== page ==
In the late 1970s Martin shifted his allegiance from Methodism to Anglicanism. In his mid-fifties he decided to become a priest and studied at Westcott House in Cambridge. In 1984 he was ordained. Does he retain any suspicion of an established Church? ‘It has become clear that this institutional model may be unsustainable in the long run. But that doesn’t bother me very much. Everyone lives in some kind of imbalance, or imperfect fit. Just imagine people in the Church of Rome who don’t agree with the official teaching. For me the Church of England is not so much about a symbolic state connection as about a continuity in a place.’ A major theme of Martin’s writing is its fascination with the contradiction of the Church: it is a worldly institution, with murky political attachments, yet it exists to convey a message of absolute peace. ‘The message of peace is carried and maintained through an ecclesiastical institution implicated in state violence. The radical imagery of peace, love and universal fraternity is not directly put into practice. The sectarian tradition sometimes tries to do so, but its attempts are short-lived. The problem is that politics are about force. So a new sort of compromise with power will arise.’ It sounds rather a bleak view, a tragic vision? ‘Oh, absolutely. International relations are a form of organised chaos in which violence is the arbiter. Politics is a very savage business. If the Church is to be involved in politics it can’t take a totally purist line and reject all use of force. I don’t think the Archbishop of Canterbury can address the Prime Minister from a pulpit and tell him his foreign policy is un-Christian, because politicians are there to try to secure the national interest, not to turn the other cheek.’ So is history the site of tragedy rather than hope? ‘What I think that Christianity does is to scatter a set of seeds in society and these partly grow in the iconography of the Church, partly in the sectarian tradition, and partly in culture at large. And they fructify in different ways, as potential ideals.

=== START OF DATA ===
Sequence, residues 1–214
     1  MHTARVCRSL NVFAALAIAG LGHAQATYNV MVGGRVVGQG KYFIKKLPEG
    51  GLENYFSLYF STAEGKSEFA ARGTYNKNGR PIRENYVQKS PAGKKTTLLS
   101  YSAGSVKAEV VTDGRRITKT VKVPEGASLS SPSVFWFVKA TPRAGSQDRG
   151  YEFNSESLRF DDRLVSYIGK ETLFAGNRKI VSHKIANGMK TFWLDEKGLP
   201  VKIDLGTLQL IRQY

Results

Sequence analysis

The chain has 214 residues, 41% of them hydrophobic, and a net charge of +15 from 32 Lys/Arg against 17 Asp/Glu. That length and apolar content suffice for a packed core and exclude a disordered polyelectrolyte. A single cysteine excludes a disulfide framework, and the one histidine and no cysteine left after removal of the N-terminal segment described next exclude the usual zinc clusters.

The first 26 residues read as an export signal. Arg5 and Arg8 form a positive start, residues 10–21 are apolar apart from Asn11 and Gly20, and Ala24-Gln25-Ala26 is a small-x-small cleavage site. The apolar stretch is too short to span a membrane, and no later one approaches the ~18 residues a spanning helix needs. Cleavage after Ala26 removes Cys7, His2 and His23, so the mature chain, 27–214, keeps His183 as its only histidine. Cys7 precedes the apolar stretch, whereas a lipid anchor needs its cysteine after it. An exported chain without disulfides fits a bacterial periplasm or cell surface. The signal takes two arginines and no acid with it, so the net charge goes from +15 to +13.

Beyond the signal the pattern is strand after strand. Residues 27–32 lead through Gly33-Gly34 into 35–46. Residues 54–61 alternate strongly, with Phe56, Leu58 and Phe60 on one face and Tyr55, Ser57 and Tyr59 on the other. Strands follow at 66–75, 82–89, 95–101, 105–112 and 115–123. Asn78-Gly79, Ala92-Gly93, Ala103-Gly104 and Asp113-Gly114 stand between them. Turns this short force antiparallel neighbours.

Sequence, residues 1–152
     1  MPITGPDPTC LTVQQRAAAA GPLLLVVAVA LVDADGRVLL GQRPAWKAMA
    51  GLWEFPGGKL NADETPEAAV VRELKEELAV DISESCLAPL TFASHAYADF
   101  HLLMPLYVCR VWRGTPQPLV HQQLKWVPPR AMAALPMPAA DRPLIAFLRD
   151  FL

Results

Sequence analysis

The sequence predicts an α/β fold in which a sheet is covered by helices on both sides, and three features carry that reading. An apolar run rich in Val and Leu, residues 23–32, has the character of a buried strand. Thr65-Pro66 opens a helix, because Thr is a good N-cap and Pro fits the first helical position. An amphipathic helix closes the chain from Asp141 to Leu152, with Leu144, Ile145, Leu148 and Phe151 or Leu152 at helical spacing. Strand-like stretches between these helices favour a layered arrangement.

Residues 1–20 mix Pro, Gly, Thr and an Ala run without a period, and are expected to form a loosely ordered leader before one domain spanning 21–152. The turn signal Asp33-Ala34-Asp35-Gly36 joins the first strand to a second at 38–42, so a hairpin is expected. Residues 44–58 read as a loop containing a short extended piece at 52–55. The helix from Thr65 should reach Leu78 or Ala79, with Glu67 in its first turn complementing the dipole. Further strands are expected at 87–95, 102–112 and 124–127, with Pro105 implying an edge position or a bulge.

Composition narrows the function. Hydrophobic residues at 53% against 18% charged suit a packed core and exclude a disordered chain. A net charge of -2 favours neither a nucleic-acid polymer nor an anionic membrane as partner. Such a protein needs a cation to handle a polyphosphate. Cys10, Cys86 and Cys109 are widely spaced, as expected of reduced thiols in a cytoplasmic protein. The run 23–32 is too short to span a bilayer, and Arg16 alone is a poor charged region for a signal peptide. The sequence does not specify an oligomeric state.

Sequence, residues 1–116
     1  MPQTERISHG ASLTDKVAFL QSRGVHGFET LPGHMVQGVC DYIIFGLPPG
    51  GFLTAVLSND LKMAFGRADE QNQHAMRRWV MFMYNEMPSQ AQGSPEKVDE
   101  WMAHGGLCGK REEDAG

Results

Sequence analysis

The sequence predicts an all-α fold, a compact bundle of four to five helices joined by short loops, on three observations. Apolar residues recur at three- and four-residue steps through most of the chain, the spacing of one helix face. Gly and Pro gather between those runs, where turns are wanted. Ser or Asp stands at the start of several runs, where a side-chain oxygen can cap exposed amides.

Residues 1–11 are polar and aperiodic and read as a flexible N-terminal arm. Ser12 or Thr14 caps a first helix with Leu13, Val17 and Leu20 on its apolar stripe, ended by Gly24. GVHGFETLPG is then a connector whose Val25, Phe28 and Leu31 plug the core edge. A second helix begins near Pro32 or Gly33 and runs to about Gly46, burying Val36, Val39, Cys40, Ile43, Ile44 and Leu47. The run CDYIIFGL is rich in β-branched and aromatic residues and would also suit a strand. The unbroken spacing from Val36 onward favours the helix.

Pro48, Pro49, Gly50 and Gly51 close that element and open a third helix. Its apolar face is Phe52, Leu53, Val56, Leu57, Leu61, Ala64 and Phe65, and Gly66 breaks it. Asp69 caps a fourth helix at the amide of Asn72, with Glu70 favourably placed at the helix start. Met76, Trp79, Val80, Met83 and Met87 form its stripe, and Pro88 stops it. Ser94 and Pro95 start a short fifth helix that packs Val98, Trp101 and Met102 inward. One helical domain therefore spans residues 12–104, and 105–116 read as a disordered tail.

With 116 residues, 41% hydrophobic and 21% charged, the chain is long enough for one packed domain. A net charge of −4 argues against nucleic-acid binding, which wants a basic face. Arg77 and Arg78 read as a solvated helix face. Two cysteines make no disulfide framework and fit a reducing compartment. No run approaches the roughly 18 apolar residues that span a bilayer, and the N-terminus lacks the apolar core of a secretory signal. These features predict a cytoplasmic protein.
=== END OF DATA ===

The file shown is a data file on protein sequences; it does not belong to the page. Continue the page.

‘What sets Christianity apart is its suspicion of all human power. In Judaism and Islam there is a willingness to celebrate military glory, and to depict war heroes as martyrs. Christianity can’t accept this. It insists that faith is something other than successful violence for a cause.’ In these nervous times, it is rare to find a thinker who dares to depict Christianity as the supreme ‘religion of peace’ among the monotheisms. Would a bishop be so impolitic?